Tapping into the social media treasure chest

imageIf the heading looks familiar… it’s because you’ve seen it before! I was recently interviewed by Lexis®Commercial about the use of social media by law firms, and this heading is from Paul Caddy’s article.

Click here to see the full interview – while it focuses on law firms, the themes covered apply to all professional services firms:

1. Social media is fast becoming a hygiene factor in business

Can you imagine telling an important contact that you don’t have email? Can you visualise their reaction? Many will now look at you in the same way if you don’t have a LinkedIn profile or a Twitter account.

2. Social media is just another way to talk

At its heart, business is about relationships, and relationships are built on conversations. Conversations first became virtual via letters, then telephones and faxes, then emails… and now social media.

3. Find out what people are saying about you, your colleagues and your firm

Not being on social media doesn’t mean that you’re not being spoken about. Head over to Google and search. Next, see what bloggers are saying on Google Blog Search. Then go to Twitter and search there. Each result or conversation that you find is an opportunity to influence. If no-one is mentioning your firm, why not?   

4. Find out which platforms your clients and prospects are using

You don’t need to be everywhere. Discover where your contacts want to engage and prioritise those platforms. LinkedIn is your virtual shop front, Twitter the virtual cocktail party, and Facebook the virtual house party. Twitter is a very powerful platform for professionals. As with real-life networking events, you can join any conversation uninvited, as long as you have something relevant and/or amusing to add. You can also boost the ROI of events by integrating social media.

5. Think glass half-full

Some are afraid of social media because it’s public and real-time… which means that social media is searchable: you can find contacts and conversations of interest; reach a larger, yet more targeted, audience; and accelerate the know-like-trust-buy-advocate cycle. By demonstrating your expertise and personality, you can become the host of the virtual parties that matter to you – with opportunities and prospects coming to you, rather than you needing to find and pitch to them.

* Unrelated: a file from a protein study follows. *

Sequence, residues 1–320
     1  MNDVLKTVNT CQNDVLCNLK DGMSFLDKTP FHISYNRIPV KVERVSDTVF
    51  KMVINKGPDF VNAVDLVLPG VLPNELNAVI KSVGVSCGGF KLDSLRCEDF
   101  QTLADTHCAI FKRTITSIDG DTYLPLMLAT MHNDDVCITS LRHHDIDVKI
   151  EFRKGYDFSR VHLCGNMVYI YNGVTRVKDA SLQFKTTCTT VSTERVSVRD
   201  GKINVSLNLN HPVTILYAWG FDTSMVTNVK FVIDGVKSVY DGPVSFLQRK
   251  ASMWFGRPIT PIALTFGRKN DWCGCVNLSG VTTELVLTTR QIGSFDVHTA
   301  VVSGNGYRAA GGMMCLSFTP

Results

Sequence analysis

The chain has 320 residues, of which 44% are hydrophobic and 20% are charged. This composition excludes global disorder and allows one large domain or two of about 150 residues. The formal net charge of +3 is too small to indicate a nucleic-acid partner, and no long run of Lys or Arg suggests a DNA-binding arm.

6. Plan your content, set a strategy

- What you are going to talk about? How will those topics be interesting to your target audience? Effective use of social media means creating content that is provocative… content that provokes a reaction so that readers want to share or engage. It’s better to have a strong opinion and be prepared to defend it rather than sit on the fence.
- Who will be the ‘faces’ of your firm on social media? What training will those individuals need? It may seem like a lifetime ago, but it’s not so long since people needed training on how to use faxes and emails!

Seedcamp – One Survivor’s Story

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What’s that saying… What doesn’t kill you makes you stronger?

Seedcamp is frequently described as “the original and best UK boot camp for start-ups”, and it certainly enforces a strict disciplinary regime.

It started last Wednesday afternoon, when London Seedcamp’s Top 20 start-ups met to practice their pitches. The feedback was insightful, helpful… and brutal. As new boot camp recruits we needed to be taught acceptable social behaviours!

I was told that the start of my presentation was amusing and engaging, but didn’t tie to anything else. Another start-up was told that his content was great but his delivery was so boring that “I stopped listening after the first slide”, while a modest, softly-spoken individual was told to “sit by the door tomorrow, and run up and down the stairs three times before you present – we need to see your blood pumping”. We were all told to rewrite and to practice, practice, practice. There was no doubt how seriously Seedcamp took their boot camp reputation.

Harsh though the feedback was, it worked. Every presentation was much better the next morning. I was thoroughly impressed by all the smart start-ups that were keeping a packed room captivated (that’s Mark in the bottom left hand corner). Having survived the practice run together there was a great sense of camaraderie amongst us – we’d all learnt a lot together in a very short time, and there was a strong shared sense of knowing that we’d all taken a step up.

Pitches over, we got to kick back briefly while the Seedcamp panel (@ahansjee @christianhern @tomall @glyndot chaired by @ceduardo) discussed “From Business Development to M&A”.

Then it was onto what I’d been really looking forward to – mentoring – five 45 minute sessions with groups of entrepreneurs, product experts, VCs, and angel investors. Traditionally boot camp requires hard physical exercise. At Seedcamp, physical exercise is replaced with mental exercise. We had been warned to expect challenging conversations, and the mentors didn’t disappoint.

As I write, the winners haven’t been announced, but I think all 20 of us won.

The process and people are amazing. A week on I’m still digesting the huge amount of fantastic advice we received. Mentors have been incredibly proactive at getting in touch since – making introductions and removing barriers. New meetings and opportunities are going in the diary.

And there are worse things than being referred to as a “top idea” in the Guardian Smile

Seedcamp – I’d thoroughly recommend applying, participating and surviving!